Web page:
Jackson County Legislature Approves $1.6 Million in Capital Improvements for Truman Medical Centers

Three dozen agencies receive a total of $3.3 million

KANSAS CITY, Mo. – Thanks to a financial maneuver earlier this year, Jackson County has approved $1.6 million for capital improvements at Truman Medical Centers.

The funding is included in the roughly $300.3 million county budget for next year, which the Jackson County Legislature approved Monday.

One high priority for Truman is upgrades to the physical plant at its Lakewood medical center in eastern Kansas City, Mo., according to chief executive John Bluford.

The facility is more than three decades old, he said in testimony last week to the Legislature’s budget committee, and Truman has come “very close” to having to kick in emergency generators at the center.

“The power plant just has to happen,” Bluford testified. “We just can’t afford the liability of that breaking down.”

Truman also needs to upgrade the neonatal intensive care unit at Lakewood and keep up with equipment advances throughout the system, he said.

“Technology is constantly improving,” Bluford said. “That’s the name of the game, if you want a first-rate hospital.”

As the owner of the building and the grounds at Lakewood and at the Hospital Hill medical center near downtown Kansas City, Mo., Jackson County will have a say in how Truman spends the capital improvement money, said Shelley Kneuvean, the county’s chief operating officer.

Jackson County freed up the money by refinancing about $43 million in bonds in July, Kneuvean said.

The county expects to save a total of about $5.4 million through the refinancing during the next three years, but Kneuvean said county officials have yet to earmark the future funds.

Though most of the refinanced bonds had funded projects at Truman, Jackson County officials did not initially direct next year’s savings toward Truman. But hospital executives argued the proceeds should go to Truman under the funding agreement between the two parties.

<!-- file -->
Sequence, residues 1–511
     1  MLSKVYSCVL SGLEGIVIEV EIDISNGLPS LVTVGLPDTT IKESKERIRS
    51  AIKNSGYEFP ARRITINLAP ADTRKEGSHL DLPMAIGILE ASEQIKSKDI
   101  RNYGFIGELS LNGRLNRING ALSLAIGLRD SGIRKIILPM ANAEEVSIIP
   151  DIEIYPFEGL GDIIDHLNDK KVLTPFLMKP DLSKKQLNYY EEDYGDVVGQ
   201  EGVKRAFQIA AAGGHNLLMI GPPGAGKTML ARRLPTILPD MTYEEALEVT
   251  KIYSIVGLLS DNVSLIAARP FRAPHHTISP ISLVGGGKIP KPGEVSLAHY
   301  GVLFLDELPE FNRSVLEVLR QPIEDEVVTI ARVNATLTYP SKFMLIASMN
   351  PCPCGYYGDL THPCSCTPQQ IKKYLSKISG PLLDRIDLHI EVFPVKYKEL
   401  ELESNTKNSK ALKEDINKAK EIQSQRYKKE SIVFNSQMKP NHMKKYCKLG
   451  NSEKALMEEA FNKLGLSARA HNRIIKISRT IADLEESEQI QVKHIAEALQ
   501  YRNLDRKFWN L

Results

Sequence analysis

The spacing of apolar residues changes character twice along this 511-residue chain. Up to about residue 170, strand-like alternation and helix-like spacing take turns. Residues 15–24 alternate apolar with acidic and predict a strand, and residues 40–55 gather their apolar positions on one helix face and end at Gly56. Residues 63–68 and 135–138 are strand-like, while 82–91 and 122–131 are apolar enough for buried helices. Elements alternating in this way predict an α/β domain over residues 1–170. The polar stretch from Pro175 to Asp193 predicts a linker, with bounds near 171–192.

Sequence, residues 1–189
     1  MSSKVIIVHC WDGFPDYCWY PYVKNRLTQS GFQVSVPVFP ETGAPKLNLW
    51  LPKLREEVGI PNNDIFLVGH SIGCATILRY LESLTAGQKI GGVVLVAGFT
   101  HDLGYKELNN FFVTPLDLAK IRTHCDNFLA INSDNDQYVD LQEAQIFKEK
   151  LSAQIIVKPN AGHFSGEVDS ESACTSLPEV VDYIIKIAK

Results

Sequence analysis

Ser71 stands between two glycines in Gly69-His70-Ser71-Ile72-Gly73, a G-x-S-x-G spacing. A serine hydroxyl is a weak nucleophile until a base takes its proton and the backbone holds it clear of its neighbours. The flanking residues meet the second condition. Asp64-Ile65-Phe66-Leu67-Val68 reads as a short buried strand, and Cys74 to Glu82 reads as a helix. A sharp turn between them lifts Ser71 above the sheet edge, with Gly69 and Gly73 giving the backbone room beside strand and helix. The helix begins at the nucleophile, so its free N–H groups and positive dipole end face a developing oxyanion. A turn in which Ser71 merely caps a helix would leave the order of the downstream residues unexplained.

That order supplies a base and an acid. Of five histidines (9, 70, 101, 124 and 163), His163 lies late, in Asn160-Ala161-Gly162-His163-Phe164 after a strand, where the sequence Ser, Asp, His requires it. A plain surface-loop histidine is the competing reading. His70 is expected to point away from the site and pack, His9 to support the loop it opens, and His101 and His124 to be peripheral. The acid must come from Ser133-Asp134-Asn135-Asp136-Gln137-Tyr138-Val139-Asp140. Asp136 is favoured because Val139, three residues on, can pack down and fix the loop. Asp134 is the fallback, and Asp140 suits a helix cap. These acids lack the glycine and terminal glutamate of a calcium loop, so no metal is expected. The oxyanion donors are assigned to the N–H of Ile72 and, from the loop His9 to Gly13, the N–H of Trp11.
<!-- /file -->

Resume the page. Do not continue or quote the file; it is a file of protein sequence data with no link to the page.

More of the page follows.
Plus, Bluford testified, Truman was in “dire need of those dollars” to cover operating costs and the expense of serving so many patients who can’t afford to pay their bills.

Truman’s total allocation from the county for next year is approximately $11 million, including about $3.5 million for operating costs.

Nonprofit service providers also closely watch the budget because of the Legislature’s set-aside for “outside agencies,” with most of the funding coming from the county’s health fund.

The allocation for 2013 is about $3 million, which the Legislature split between approximately three dozen agencies. Forty-five applicants submitted requests totaling about $4.5 million for next year, said County Auditor Gary Panethiere.

Money available for outside agencies next year is down slightly from the $3.3 million allocated this year.

“We wish that wasn’t the case,” said County Executive Mike Sanders, “but that’s the nature of the economy we are in.”

The largest outside agency line item for next year is again Children’s Mercy Hospitals and Clinics. Its allocation of $430,000, which the hospital uses to cover the costs of care for the indigent and the uninsured, is the same as it received this year.

Legislators also level funded Samuel U. Rodgers Health Center, a safety-net clinic, for next year at $337,488.

Operation Breakthrough, which provides a variety of services to low-income children, received a slight decrease for its food assistance program in a total allocation of approximately $60,000.

And the Boys & Girls Clubs of Greater Kansas City did not receive any funding for its Project Learn, which provides academic assistance to low-income students. It sought $68,700 to help cover the costs of salaries and supplies.

A Boys & Girls Clubs spokeswoman said she would look into the impact of the county’s decision, but she had not returned the phone call as of Wednesday.

At Children’s Mercy, spokeswoman Melissa Novak said in an e-mail that it’s a “huge challenge” to continue treating low-income patients when funding stays flat as costs for staff and supplies continue to increase.

“We are continually looking at ways to introduce efficiencies and cost savings into the system,” she said, “but it is a delicate balancing act.”

Operation Breakthrough is fortunate to receive food drive donations, said interim chief executive Susan Stanton, so the organization should be able to weather the small decrease in county funding for its food assistance program.

County funding also helps fund speech therapy and psychiatric services for the children at Operation Breakthrough, Stanton said.

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